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after his death, rose from the grave, and was seen and conversed with by many. These things are most strange. But we cannot on account of their strangeness alone refuse to consider them. They are not palpable impossibilities. They involve no absurdity, unprecedented as they are. All things, even the most familiar, are unspeakably wonderful. Every object that we look upon is a mystery. Custom hides from us the wonderfulness of this condition of existence, or "we should see ourselves in a world of miracles, wherein all fabled or authentic thaumaturgy and feats of magic were outdone;" and we should see also that the strangeness of an event is no reason of itself for denying its reality. We should be prepared to believe every thing. As it is, notwithstanding the powerful influence of familiarity in deadening our sense of the marvellous, the great and diversified wonders of existence have in all times impressed the mind of man so powerfully that the main tendency always has been to believe-to receive fables for facts; so that it becomes those, who would judge truly, not indeed to reject a reported fact, because it is strange, but to look well to the evidence, and proceed with the utmost caution.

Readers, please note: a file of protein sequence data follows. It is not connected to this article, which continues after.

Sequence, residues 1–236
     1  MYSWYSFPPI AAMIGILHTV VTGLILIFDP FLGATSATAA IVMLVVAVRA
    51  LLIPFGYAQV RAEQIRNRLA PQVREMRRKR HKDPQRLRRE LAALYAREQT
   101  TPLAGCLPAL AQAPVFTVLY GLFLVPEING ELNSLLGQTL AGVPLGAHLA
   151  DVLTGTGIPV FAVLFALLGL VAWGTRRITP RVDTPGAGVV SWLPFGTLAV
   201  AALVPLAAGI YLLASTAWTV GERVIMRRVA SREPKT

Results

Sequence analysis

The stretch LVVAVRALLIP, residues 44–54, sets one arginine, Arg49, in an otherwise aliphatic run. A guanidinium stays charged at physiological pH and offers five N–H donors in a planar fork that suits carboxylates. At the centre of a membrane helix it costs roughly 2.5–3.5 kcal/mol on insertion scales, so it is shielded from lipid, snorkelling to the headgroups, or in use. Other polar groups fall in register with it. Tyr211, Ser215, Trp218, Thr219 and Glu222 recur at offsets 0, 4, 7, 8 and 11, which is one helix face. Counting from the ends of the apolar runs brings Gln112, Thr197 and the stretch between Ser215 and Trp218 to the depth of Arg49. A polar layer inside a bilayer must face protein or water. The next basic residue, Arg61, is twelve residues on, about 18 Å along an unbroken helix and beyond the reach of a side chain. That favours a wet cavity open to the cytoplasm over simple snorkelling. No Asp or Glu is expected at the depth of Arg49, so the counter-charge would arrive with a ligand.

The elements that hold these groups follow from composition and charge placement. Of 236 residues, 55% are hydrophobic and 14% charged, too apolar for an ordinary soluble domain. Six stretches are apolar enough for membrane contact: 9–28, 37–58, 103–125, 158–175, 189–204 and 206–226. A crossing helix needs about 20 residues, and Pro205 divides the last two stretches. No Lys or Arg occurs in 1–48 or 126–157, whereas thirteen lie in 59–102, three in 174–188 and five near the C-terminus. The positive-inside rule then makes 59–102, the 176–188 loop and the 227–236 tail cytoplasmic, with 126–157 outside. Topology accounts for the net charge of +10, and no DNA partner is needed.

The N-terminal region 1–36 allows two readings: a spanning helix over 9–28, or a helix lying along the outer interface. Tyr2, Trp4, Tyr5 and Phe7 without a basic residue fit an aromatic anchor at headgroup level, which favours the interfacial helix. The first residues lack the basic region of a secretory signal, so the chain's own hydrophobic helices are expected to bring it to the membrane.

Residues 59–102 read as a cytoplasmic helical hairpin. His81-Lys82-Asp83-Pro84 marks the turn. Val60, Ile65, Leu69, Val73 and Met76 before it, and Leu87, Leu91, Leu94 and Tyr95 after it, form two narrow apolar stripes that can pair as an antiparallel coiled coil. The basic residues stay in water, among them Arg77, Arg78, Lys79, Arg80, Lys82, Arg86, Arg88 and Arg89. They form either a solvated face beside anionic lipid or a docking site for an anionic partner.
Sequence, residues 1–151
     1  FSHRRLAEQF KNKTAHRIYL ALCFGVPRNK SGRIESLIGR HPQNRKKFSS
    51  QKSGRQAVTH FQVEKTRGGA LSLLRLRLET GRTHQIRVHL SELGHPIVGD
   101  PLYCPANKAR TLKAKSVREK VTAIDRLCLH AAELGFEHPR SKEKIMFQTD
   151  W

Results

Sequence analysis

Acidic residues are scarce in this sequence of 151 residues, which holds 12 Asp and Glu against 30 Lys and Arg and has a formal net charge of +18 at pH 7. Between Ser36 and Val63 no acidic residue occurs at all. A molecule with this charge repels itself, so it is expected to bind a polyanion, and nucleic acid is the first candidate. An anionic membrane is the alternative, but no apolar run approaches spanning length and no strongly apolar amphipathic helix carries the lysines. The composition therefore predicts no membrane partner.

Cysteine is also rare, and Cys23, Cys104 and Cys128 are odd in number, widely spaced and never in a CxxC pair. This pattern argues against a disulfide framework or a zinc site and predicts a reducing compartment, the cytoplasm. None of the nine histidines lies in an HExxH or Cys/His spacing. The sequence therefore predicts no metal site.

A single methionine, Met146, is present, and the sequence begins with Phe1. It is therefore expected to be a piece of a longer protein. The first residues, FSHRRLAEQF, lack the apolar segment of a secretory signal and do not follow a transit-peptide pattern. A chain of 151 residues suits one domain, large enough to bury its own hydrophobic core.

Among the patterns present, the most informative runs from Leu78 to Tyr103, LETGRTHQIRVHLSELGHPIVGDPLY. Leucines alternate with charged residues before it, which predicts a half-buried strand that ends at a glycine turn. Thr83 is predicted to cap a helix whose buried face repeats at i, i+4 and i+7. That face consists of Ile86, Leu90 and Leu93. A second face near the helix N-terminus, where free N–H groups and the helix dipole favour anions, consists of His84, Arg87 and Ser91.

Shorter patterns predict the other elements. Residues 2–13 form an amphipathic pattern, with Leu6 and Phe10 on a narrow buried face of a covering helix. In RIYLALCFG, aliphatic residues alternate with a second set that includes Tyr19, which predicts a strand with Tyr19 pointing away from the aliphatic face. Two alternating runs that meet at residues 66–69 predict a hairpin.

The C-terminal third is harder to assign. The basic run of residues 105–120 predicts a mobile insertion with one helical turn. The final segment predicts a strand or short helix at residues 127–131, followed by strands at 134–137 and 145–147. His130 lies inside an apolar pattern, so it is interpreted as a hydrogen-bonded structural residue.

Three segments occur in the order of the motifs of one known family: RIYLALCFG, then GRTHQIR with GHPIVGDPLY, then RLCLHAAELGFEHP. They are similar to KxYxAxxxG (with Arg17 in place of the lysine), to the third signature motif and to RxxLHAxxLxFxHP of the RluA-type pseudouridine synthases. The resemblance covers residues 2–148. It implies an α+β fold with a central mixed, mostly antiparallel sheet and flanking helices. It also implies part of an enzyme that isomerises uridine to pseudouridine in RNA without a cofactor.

At this point of our investigation, a plausible supposition suggests itself. The accounts of these marvels were either interwoven with the histories of Jesus at some early period by some other than the original writers-some one or more, impelled thereto by interested motives or a fondness for the wonderful, or they are exaggerated, distorted statements of ordinary events, given by the original writers themselves.

This supposition strikes us at first sight as very plausible. But as our examination proceeds, not only is it shown to be wholly without foundation, but evidence